Happy, but sad at the same time

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The headline of the February 1 edition of the TIMES gave me happiness, sadness and anger. There are four activities that require absolute accuracy: reporting the news; computing math; recording history; and throwing long passes.

It has been my long held belief that one major reason many Black people don’t do more with their lives – which includes voting – is a lack of knowledge and appreciation of the struggles and sufferings many endured before and during the civil rights movement of the ‘50s, ‘60s & early ‘70s. And this lack, I believe, is based on their ignorance of the history of black people.

This is why I was so happy to see the headline that a new museum was opening in Houma that would spotlight this history in the region. But immediate sadness overcame me when I saw the inaccurate name the museum chose to report that history.You can’t get to Mexico thru Canada. And then I was angry because I realized that the founders of the museum are victims of the lack of knowledge and appreciation of the very history they are trying to share. Albeit, knowing victims!

The so-called “African-American” Museum adopts a meaningless, distorted and Jim Crow name. Africa is a continent populated by white and black people. “African” is not synonymous with being black anymore than “American” is synonymous with being white. From a historical standpoint, at the commencement of the slave trade Africa was populated by more than 3,000 tribes who were no more alike than the tribes in America. Presently the continent still has thousands of different tribes along with 53 sovereign countries each with separate language, religion and culture. Referring to someone as “African” is an insulting and meaningless stereotype.

Now let’s get to the “American” part. When you identify someone by the name of a country it means that person is a citizen of the country with all the rights, protections, privilegesof that country! Historically, who would identify black people in America as citizens? Were black people citizens when the Constitution was adopted? Was Dredd Scott a citizen? Were slaves citizens? How about Homer Plessy? Ask the descendants of Jack Conrad if he was a citizen? Were black ballplayers in the Negro Leagues citizens? Do think those brave civil rights marchers and freedom riders were citizens? Was Ruby Bridgewater a citizen? So just when is this history beginning?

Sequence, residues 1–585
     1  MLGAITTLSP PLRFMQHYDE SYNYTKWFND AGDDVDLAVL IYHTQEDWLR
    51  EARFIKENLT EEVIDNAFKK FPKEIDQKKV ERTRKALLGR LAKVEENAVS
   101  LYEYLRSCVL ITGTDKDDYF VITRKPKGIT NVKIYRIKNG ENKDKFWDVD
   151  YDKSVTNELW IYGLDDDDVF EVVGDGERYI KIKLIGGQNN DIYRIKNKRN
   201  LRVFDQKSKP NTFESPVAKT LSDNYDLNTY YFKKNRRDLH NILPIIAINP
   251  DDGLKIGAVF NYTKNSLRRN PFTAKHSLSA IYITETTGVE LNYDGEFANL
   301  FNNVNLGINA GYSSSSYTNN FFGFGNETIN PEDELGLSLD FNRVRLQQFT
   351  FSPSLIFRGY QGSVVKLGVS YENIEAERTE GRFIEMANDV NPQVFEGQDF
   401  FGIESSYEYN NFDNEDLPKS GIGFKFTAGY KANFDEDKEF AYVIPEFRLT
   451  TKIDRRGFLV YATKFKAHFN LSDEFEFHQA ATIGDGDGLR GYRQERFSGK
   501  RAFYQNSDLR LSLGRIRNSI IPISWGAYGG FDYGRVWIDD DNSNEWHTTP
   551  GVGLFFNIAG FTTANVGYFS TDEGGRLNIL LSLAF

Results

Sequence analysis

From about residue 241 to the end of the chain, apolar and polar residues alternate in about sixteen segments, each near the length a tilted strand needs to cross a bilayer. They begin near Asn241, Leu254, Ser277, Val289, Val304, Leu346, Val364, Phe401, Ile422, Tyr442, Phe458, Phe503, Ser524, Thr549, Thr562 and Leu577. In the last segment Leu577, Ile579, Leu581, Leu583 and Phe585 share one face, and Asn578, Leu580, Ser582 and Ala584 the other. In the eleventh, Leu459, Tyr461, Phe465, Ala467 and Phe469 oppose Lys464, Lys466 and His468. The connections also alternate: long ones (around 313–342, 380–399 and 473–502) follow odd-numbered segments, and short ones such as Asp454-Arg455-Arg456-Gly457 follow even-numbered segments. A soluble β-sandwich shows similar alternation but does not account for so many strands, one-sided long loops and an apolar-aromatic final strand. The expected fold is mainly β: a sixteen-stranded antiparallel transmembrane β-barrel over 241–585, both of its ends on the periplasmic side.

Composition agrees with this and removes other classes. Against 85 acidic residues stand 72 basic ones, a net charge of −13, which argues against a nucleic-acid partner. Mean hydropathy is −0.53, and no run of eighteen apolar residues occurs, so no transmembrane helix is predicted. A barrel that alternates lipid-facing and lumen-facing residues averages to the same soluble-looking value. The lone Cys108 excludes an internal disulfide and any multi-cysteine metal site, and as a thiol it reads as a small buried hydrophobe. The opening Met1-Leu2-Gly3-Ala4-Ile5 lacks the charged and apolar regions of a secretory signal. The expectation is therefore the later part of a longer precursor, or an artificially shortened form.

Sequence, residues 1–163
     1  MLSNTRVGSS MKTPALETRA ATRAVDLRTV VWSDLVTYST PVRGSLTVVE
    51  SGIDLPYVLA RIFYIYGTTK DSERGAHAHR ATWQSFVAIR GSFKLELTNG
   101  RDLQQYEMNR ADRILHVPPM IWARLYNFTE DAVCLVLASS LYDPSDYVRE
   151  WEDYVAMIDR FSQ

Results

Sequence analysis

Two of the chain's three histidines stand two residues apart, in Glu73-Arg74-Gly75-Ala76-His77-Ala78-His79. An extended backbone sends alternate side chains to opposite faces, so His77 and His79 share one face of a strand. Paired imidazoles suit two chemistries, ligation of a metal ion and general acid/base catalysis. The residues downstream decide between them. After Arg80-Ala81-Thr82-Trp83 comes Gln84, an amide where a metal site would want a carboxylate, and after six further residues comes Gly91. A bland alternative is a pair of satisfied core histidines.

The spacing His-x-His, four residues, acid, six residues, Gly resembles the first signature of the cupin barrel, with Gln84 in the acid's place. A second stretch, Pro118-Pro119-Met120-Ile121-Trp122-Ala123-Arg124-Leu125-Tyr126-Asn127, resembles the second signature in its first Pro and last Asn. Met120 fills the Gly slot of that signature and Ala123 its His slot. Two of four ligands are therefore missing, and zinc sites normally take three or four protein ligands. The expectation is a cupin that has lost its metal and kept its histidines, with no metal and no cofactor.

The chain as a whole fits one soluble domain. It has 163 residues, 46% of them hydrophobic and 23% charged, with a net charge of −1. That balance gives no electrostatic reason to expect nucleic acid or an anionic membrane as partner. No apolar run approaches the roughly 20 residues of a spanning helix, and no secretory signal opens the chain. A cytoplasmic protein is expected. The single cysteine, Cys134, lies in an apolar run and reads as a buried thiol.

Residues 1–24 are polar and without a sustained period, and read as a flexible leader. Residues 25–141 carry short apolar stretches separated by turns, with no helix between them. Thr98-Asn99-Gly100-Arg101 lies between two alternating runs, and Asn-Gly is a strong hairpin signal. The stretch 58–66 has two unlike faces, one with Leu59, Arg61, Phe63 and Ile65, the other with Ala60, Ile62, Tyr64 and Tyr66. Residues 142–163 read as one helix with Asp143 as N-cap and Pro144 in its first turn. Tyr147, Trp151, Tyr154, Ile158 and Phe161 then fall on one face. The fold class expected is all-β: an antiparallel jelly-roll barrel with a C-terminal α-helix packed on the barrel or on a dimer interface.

Now there is one other little problem with the name. It does not mean brown and black people. It only means descendants of brown and black slaves. There are lots of brown and black people who are not so-called “African-Americans”. Can you say Bobby Jindal? Can you say David Ortiz? Can you say Eduardo Perez? Can you say Sidney Poitier? Can you say Lester and Roger Bimah? So you see, the term segregates what should be a natural social, economic, political and cultural cohesion.

Accuracy. Identify black people and our history accurately as Black. Drop the meaningless,false, distorting and divisive hyphen and celebrate Black History and the Black History Museum.

Charles Mosley

Thibodaux, La

(985) 859-0766